Figure 2: PQL plot of ~2 hours of selected Q330 SOH channels, centered on the year rollover showing the up to 40 second gap.
Figure 3: For context, ~24 hour PQL plot of same selected Q330 SOH channels, centered on the year rollover, showing the additional GPS On cycle on the day rollover and the phase correction during that cycle.
Click here for an excerpt of the Q330 LOG from the beginning to the end of the GPS On cycle that occurred on the year rollover.
The RT130 dataloggers do an additional time set on the year rollover, similar to the time set done when the unit is powered up or rebooted. The units we had running on the bench at PASSCAL over the new year powered on their GPS (if it was off) at 00:00:00 or 00:00:01. Doing the time set on the year rollover is one thread in the 3.4.3 firmware. Correcting for leap seconds when they are detected is another thread in the 3.4.3 firmware. The exact timing of these two threads running together in this instance caused some variable results. Before describing these results, please note that we have already been in contact with RefTek, they explained the issue of the two software threads interacting and assured us that this been addressed and is no longer a issue in firmware version 3.7.3. We are starting our testing and verification procedures on version 3.7.3 and hope to begin updating units before the end of the year. With that said, Figure 4 below summarizes the different leap second results we saw among the 14 RT130 units running on the bench (click on the image for a larger view).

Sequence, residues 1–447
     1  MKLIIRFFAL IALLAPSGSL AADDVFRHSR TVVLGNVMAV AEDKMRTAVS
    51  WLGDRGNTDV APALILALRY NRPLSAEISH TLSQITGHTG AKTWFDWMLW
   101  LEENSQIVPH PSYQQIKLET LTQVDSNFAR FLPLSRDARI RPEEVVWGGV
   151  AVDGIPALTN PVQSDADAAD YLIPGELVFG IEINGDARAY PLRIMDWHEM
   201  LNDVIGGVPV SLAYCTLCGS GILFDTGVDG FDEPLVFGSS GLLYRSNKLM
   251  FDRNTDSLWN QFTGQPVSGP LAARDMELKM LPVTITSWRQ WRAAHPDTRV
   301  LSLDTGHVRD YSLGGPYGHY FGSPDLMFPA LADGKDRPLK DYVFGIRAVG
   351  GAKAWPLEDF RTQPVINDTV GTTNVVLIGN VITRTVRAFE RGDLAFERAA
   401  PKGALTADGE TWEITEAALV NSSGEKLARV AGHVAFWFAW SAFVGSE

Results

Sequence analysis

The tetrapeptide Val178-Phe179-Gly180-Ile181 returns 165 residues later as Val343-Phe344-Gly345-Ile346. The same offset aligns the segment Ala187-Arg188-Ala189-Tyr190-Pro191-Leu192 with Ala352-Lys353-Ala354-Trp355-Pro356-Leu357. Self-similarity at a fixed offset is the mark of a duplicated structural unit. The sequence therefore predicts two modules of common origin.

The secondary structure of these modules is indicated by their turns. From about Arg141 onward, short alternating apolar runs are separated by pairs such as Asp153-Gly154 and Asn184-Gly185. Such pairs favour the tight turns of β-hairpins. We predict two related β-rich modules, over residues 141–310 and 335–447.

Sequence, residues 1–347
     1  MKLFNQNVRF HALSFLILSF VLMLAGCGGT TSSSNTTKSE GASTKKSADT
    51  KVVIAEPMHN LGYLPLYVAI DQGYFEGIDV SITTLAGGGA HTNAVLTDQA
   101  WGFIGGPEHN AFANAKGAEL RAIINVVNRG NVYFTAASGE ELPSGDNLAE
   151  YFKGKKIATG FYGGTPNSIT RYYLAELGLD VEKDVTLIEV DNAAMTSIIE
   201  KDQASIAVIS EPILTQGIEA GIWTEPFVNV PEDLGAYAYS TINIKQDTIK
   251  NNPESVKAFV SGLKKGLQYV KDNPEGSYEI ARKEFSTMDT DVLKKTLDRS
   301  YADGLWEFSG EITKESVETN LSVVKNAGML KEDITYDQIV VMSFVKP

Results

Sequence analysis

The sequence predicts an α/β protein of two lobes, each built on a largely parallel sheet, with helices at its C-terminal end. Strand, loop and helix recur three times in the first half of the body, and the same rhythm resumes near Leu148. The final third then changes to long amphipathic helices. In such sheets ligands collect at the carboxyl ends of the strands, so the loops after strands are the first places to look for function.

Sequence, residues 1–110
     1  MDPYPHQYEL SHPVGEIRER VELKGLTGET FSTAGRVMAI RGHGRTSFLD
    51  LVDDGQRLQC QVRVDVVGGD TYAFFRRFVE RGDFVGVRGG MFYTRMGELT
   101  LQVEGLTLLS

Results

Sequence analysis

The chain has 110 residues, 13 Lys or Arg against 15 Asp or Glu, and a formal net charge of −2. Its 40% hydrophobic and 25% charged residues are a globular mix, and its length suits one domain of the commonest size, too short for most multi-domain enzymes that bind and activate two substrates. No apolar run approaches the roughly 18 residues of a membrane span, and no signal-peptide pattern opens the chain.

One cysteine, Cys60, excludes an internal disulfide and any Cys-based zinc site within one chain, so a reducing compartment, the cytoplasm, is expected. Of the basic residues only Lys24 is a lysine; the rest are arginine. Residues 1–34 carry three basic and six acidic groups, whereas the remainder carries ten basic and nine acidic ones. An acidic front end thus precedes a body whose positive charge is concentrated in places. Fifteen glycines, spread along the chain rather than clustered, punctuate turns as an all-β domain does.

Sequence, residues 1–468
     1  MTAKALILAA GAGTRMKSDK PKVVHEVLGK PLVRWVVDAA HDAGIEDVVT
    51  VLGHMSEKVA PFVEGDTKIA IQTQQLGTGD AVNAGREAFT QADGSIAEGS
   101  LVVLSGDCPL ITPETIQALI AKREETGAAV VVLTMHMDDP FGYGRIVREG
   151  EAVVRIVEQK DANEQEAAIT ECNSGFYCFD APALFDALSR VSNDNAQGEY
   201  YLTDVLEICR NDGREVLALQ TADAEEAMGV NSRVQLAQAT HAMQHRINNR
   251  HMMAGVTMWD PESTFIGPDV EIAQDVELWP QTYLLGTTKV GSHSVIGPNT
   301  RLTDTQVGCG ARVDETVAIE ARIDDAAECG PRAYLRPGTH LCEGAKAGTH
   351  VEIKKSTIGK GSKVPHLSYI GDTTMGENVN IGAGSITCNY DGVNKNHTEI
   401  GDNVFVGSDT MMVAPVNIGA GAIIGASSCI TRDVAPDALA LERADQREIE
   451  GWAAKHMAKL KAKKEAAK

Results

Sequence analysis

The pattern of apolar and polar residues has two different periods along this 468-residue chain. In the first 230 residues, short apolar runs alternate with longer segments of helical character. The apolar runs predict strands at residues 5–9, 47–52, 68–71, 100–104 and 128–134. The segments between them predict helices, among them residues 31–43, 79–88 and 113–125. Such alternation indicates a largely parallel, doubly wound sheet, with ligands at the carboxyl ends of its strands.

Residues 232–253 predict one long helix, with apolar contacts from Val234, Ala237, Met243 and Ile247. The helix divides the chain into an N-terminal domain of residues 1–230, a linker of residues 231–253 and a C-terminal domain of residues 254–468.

Figure 4: PQL plot of bench data (1 sec pulse once per minute) for channel 1 of four RT130 units from 2016 Dec 31 23:00:00 to 2017 Jan 1 11:00:00. The red arrows indicate when the leap second correction occurred and where there were gaps in the data plotted by PQL (see text).
Some units completed the correction at ~17:001:00:15:30, some at ~17:001:00:57:30, and some at ~17:001:09:42:59. Although the PQL plot in Figure 4 shows gaps in the data for part of the first hour of 2017 for some units, there are events starting at the beginning of the new year for all units in their raw data. When the leap second correction occurs, a new event starts (and ends at the next hour rollover). However, due to competition between the two threads running in the firmware, in some instances where the leap second was corrected within the first hour (first event) of the new year, some time stamps in the DT packets in the raw data became corrupted. We saw time stamps that jumped ahead nearly 11 years, and that is what caused the gaps in the PQL's plotting of the data. We have not seen corrupted time stamps in the data from units that were unable to make the leap second correction until 9:42, but it may happen in some instances. We don't know if the differences seen among the units on our bench represent all the permutations that could have resulted from these thread interactions.
Click here for an example of the corrupted DT packet time stamps.